Battery charging while traveling

Submitted: Monday, Jul 14, 2014 at 17:18
ThreadID: 108737 Views:1564 Replies:4 FollowUps:3
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Hi

I have a Rodeo with dual batteries which runs my 45 litre Waeco Fridge in the back of the Ute whilst travelling. I am told by an auto electrician that the 3 way fridge in my caravan draws approx. 30A which is run from the AGM battery in the van. This battery is charged from my alternator whilst travelling. There is a solenoid to avoid draining the van battery when not charging.

My concern is whether it can be detrimental to the Alternator to be charging both fridges whilst travelling.



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Reply By: Sand Man (SA) - Monday, Jul 14, 2014 at 18:57

Monday, Jul 14, 2014 at 18:57
William,

30 amps sounds a little high to me. I would have thought a 3 way fridge on 12v setting would draw more like 14 amps or thereabouts.

Not to worry though. The alternator will put out sufficient current to handle both the auxiliary battery in the back of the ute and the feed to the fridge.

Just on that however, the fridge should not be running off the caravan battery. The battery is for powering lights, pump, etc. and the fridge circuit should be wired "direct" to the primary (or auxiliary) battery circuit via a heavy duty cable and Anderson connectors.
When the ignition is turned off, no current should flow through to the caravan fridge. The circuit should be "disabled" to stop flattening the battery when the engine is not running.
The 12 volt setting is only to maintain the internal temperature of the fridge while traveling, otherwise you should use the 240 v or gas mode when stationary.

A compressor fridge however, is a different proposition and can be wired direct to a caravan's on-board battery, which in turned should be charged by the alternator while driving.

In your case, you should have two circuits to the caravan.
One to supply power to the fridge from the vehicle's primary battery and controlled by the ignition circuit. (This is often wired via the 7 or 12 pin plug/socket.)
A separate circuit, using heavy duty cabling (6 B&S is good) and Anderson connectors to the caravan's battery, from the vehicle's primary battery, or the auxiliary battery. Best practice is to have a dc-dc charger just before the caravan battery bank to overcome any voltage drop in the circuit.
The Primary and Auxiliary batteries should be controlled by a dual battery isolator to eliminate any risk of draining the primary (starting) battery.


Bill


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AnswerID: 536058

Reply By: Batt's - Monday, Jul 14, 2014 at 19:11

Monday, Jul 14, 2014 at 19:11
I'm not an eleco but are you sure that's right 30amps that's a lot of power it must be a very old and large fridge did he check it with a meter to get that number or get it off a plate or sticker on the fridge with the power consumption info either way your van battery won't support it for very long which is the usual story for a 3 way fridge your's just seems a bit power hungry. It also depends on the size of the alternator and that you stay a reasonable amount below it's output capacity or you will have problems. You need to add up how many watts your using when you're towing headlights ,tail ,parkers, blinkers, brake lights when applied, dash.,stereo both fridges everything you can think of then divide the watts by 12 to give you how many amps your using. Then you have to allow for any computers that the cars runs which who know how much that is plus your charging 3 batteries as well the distances you usually drive as well because it take quite a few hours to charge a battery. You might need a larger alternator in the long run.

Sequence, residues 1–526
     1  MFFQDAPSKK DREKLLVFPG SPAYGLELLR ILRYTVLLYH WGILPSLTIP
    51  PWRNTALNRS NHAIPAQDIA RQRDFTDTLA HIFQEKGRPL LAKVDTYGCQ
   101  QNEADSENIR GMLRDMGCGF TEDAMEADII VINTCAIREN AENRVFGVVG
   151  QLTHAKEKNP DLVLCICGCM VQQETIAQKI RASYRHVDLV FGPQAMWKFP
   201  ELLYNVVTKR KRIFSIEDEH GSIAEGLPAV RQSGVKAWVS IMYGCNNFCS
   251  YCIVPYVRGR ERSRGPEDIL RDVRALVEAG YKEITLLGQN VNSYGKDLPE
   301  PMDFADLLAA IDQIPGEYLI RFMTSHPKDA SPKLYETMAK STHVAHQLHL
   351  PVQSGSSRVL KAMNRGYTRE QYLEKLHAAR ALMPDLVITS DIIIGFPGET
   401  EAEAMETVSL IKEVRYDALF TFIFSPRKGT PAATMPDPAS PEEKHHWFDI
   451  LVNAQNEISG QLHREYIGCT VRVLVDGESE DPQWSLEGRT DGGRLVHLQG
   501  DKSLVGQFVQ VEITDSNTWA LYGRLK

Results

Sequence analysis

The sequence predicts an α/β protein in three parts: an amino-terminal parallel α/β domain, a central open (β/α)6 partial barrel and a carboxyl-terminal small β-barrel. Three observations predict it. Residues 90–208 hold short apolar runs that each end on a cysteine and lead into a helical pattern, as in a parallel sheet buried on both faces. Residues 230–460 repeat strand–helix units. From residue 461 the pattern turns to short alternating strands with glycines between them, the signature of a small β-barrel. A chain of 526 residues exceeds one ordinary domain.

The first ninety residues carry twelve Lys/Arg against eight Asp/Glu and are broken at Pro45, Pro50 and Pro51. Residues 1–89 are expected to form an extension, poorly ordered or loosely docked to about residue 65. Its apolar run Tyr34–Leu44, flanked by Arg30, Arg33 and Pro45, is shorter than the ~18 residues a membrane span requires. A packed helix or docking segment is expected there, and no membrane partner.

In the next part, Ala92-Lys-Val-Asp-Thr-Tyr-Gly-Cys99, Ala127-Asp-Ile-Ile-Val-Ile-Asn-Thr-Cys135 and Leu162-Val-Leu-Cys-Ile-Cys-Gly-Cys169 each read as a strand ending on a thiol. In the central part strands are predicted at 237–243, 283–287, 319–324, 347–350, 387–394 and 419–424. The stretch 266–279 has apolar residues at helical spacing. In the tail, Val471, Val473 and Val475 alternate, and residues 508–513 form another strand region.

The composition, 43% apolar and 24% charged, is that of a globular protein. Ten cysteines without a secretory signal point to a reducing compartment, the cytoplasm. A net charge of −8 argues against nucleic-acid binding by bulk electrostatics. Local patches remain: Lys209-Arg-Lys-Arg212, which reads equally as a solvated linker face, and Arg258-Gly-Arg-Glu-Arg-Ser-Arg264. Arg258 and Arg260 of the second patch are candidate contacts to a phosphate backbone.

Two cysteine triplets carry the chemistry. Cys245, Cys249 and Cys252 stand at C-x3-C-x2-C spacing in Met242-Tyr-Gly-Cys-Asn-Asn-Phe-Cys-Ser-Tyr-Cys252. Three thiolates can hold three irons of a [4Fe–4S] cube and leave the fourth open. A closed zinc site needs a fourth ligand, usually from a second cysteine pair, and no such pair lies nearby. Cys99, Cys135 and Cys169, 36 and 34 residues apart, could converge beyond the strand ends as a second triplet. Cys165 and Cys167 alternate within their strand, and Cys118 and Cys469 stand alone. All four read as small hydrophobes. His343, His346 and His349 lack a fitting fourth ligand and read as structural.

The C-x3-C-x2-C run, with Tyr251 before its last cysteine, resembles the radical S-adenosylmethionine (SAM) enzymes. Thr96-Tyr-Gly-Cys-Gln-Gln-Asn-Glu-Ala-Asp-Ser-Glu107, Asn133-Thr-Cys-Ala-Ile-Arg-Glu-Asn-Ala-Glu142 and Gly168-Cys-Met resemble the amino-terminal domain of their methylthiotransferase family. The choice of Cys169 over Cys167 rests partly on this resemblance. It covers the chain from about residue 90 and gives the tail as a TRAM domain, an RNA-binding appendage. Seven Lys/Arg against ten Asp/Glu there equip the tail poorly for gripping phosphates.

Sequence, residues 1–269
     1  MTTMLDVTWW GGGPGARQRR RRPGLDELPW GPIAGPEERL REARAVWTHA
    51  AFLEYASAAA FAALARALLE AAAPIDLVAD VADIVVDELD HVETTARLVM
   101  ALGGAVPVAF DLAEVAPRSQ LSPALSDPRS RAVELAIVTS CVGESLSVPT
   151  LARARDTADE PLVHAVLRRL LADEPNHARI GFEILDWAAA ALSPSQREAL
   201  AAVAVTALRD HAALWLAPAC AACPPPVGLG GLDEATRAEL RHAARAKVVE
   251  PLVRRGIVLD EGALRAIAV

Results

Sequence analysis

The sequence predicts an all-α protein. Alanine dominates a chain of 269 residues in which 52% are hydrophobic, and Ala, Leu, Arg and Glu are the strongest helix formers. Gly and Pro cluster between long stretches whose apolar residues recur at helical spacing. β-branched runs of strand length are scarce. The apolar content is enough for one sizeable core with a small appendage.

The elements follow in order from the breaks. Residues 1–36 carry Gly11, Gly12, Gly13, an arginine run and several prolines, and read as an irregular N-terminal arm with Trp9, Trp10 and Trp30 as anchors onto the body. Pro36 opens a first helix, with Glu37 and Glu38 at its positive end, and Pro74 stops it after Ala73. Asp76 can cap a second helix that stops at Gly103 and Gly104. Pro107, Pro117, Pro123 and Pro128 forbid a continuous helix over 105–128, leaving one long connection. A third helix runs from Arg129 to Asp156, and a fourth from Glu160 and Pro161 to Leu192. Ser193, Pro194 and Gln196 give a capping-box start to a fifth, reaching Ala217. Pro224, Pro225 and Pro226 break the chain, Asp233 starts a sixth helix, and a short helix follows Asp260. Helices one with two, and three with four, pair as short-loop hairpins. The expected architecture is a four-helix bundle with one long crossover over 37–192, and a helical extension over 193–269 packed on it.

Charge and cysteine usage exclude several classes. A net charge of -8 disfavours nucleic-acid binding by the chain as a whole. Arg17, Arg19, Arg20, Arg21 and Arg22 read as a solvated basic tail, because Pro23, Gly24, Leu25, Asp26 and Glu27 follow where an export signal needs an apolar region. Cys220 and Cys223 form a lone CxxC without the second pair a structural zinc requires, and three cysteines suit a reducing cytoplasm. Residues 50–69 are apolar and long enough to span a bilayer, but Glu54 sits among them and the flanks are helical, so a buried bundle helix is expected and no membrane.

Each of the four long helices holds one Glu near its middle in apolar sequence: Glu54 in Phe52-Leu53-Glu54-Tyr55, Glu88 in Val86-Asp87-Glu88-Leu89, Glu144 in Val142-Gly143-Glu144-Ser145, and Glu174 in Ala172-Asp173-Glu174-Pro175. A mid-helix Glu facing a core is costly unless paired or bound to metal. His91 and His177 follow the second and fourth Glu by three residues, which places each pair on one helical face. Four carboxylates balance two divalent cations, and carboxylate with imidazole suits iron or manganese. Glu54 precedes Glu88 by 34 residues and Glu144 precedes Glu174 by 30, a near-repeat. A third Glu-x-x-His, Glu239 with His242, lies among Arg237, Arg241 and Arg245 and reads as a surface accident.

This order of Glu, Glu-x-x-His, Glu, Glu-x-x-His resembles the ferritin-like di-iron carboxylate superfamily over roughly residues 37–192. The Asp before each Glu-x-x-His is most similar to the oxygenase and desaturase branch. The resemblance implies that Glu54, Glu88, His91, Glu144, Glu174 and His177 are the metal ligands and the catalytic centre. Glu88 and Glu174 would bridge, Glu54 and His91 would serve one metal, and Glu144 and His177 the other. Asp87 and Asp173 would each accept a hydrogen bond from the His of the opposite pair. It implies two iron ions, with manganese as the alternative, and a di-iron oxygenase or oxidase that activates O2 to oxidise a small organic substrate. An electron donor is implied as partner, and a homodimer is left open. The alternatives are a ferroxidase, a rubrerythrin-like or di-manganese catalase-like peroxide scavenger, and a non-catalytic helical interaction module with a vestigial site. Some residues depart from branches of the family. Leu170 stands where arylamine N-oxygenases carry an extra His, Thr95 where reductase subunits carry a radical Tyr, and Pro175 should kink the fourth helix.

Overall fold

AnswerID: 536059

Reply By: Member - Rosco from way back - Tuesday, Jul 15, 2014 at 08:23

Tuesday, Jul 15, 2014 at 08:23
Count me as another with serious doubts about the 30A .... that equates to 360W @ 12V which is highly unlikely.
AnswerID: 536070

Reply By: olcoolone - Tuesday, Jul 15, 2014 at 09:25

Tuesday, Jul 15, 2014 at 09:25
An absorption fridge draws about 20 amps (give or take a few amps) when on 12 volt and your Weaco draws about 5 amps when running so 30 amps would be a good figure as it is always better to be over then under.

Shouldn't hurt the alternator but if running lights, heater, AC and other accessories you will start getting up to the upper end of the alternators capacity and duty cycle and not forgetting your charging 3 batteries as well.


AnswerID: 536074

Follow Up By: Batt's - Tuesday, Jul 15, 2014 at 19:49

Tuesday, Jul 15, 2014 at 19:49
He was told the 3 way fridge draws 30 amps not the both combined.
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FollowupID: 820148

Follow Up By: William 1 - Tuesday, Jul 15, 2014 at 21:38

Tuesday, Jul 15, 2014 at 21:38
Thanks for the response.

What happens when the Alternator reaches the upper end of its capacity for a significant period?? Is it detrimental to the Alternator or does it just not properly charge batteries etc.???

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FollowupID: 820154

Follow Up By: Batt's - Wednesday, Jul 16, 2014 at 14:46

Wednesday, Jul 16, 2014 at 14:46
Don't know but I wouldn't be comfortable doing it myself I would just get a larger one for piece of mind.
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FollowupID: 820195

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